Furthermore, text size should be a minimum of 11 points, so that it’s legible. Ideally you want the average user to avoid needing zoom in and out to read the content.

Graceful Degradation

Graceful degradation refers to how effectively your product works when someone has a slower connection, different screen size, different resolution, a different browser, or even restrictions on their browser. Awareness of these constraints and limitations can help your organisation determine whether audiences can still access your content with any of these imposed constraints. Most failures aren’t shocking surprises. They are predictable events that you can plan for, instead of wishing them away as rare unpredictable accidents. 

Make it Relevant

If you’re conducting a usability evaluation you may use what you’ve observed; accessibility issues throughout your system can help outline accessibility rules in your style guide. For example, if you’ve been using test metrics such as critical errors and you find that they are occurring because of colour contrast, touch sizing issues or any other accessibility issue, include it in your accessibility style guide. Highly relevant examples are more likely to give your document more credibility and buy in from stakeholders.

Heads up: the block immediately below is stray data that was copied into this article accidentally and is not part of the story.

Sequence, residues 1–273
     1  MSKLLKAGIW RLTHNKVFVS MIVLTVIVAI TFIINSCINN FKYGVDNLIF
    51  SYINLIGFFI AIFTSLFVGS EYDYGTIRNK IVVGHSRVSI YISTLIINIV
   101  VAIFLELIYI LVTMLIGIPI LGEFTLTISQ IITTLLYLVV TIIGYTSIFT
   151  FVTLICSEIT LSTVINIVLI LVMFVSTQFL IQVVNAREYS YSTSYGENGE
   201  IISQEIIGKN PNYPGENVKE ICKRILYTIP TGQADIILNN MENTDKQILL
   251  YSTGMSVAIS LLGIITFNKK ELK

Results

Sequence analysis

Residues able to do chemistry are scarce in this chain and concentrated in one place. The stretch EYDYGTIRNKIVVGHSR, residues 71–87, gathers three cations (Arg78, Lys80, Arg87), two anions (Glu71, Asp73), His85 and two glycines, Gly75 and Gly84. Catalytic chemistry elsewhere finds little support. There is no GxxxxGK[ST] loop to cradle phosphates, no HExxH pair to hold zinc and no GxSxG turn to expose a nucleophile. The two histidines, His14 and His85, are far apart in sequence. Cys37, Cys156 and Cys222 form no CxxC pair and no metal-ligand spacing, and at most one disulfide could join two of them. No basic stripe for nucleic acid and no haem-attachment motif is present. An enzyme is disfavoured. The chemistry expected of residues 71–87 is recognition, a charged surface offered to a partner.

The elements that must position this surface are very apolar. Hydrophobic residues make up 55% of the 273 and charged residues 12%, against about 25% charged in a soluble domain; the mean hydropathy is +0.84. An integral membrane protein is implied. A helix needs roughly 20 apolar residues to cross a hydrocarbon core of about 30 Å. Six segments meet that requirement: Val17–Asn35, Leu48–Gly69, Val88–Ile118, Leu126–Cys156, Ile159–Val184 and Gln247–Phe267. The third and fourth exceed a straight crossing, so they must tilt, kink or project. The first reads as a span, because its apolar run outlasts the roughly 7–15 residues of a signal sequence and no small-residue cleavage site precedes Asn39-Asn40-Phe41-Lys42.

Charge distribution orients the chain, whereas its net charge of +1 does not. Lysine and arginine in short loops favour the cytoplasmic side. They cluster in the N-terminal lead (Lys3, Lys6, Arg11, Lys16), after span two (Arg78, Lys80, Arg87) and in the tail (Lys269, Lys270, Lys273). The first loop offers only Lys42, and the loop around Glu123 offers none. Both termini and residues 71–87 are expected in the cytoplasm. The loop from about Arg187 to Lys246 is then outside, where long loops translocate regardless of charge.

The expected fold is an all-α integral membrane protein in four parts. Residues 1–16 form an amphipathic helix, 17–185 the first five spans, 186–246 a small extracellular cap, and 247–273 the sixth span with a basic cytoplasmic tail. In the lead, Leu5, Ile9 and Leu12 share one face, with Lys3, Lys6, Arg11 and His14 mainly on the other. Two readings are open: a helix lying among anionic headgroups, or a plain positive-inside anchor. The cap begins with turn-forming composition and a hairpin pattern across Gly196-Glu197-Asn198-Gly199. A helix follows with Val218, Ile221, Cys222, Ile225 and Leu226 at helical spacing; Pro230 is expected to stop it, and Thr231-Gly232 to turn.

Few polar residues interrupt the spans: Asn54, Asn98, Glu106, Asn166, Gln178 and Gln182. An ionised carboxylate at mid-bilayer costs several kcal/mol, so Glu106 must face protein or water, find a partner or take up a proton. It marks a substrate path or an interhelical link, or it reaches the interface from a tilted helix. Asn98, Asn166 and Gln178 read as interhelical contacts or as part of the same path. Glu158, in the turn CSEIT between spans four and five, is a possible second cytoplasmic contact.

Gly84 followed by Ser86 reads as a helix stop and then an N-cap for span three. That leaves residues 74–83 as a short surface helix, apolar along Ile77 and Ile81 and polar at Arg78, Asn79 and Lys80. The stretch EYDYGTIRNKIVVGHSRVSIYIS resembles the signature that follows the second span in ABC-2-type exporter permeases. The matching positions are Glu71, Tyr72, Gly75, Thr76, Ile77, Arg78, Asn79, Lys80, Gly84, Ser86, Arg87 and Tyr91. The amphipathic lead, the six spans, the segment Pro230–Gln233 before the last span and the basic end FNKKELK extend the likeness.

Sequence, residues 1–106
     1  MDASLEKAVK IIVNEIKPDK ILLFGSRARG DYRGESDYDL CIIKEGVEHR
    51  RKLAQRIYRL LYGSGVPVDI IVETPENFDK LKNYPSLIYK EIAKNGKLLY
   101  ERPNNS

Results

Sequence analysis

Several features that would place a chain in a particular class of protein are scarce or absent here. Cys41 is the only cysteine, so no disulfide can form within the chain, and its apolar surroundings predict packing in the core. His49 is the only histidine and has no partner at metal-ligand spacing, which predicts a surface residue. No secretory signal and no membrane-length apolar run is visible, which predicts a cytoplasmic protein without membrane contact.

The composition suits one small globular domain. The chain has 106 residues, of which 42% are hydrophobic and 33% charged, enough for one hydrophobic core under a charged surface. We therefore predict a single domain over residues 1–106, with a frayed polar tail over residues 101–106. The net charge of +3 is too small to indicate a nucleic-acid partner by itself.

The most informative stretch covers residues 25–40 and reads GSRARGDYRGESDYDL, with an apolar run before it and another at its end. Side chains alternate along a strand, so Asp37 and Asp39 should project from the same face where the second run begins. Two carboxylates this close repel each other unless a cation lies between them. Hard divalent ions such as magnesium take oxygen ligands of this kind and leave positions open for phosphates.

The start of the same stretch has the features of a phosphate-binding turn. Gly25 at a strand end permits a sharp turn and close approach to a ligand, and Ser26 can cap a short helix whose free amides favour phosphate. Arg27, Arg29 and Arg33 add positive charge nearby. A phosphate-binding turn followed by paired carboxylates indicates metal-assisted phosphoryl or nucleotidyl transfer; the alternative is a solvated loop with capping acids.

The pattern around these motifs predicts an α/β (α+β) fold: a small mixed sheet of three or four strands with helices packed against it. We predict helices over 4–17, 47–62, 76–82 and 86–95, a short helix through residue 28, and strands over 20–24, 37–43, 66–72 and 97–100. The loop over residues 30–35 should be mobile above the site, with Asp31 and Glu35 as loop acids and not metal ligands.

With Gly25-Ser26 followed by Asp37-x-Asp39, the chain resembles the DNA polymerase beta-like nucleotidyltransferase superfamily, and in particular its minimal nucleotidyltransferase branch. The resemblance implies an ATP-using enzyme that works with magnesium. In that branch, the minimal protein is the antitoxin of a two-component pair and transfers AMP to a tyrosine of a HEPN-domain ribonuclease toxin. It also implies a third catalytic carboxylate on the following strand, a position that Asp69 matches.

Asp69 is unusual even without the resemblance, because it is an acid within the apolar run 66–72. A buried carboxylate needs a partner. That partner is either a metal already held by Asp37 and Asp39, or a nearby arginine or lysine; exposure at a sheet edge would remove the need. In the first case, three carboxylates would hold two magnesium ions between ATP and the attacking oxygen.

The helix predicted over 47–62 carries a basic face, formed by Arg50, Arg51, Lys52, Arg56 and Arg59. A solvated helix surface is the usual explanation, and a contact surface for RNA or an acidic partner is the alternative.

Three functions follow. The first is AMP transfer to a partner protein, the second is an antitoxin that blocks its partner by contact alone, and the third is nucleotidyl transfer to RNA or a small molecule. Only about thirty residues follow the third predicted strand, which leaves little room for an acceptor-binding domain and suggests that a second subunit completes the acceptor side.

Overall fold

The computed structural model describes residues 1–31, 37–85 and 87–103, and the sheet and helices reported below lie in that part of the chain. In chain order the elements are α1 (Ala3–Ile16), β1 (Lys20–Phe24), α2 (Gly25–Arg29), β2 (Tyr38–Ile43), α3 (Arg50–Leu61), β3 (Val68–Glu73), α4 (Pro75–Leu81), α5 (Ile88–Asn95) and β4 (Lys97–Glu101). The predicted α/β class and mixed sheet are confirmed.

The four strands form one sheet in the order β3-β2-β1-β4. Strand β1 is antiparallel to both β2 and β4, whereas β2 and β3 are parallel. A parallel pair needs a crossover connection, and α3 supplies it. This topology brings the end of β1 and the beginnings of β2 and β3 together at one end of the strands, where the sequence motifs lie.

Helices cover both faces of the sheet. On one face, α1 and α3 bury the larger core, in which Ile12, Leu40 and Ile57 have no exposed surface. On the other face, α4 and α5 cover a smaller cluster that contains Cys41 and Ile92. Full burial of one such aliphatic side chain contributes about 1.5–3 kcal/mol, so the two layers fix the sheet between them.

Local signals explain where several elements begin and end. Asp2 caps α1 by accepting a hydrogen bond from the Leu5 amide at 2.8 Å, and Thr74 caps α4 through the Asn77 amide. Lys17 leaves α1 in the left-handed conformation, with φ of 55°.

Conclusion and Takeaways

Style guides are commonplace. Accessibility style guides are not as common, but should not be overlooked. In fact they can be critical in some cases. However, they are also beneficial when thinking about the general user experience. Colour contrast, touch target size and form elements are all potential for issues if not executed right. 

  • Think about the essentials first. Only include relevant information in your accessibility style guide.
  • Don’t assume that anything is common sense. You take for granted the knowledge you accumulate over the years. Don’t be afraid to outline things you might take as given.
  • Form follows function. If your design style guide clashes with your accessibility style guide it may be time to go back and try to align both (see colour contrast example above).
  • Start with issues you have already identified in your heuristic evaluations. What are some of the usability issues you’ve encountered? Particularly the frequently occurring issues and those with high severity ratings?

Further Reading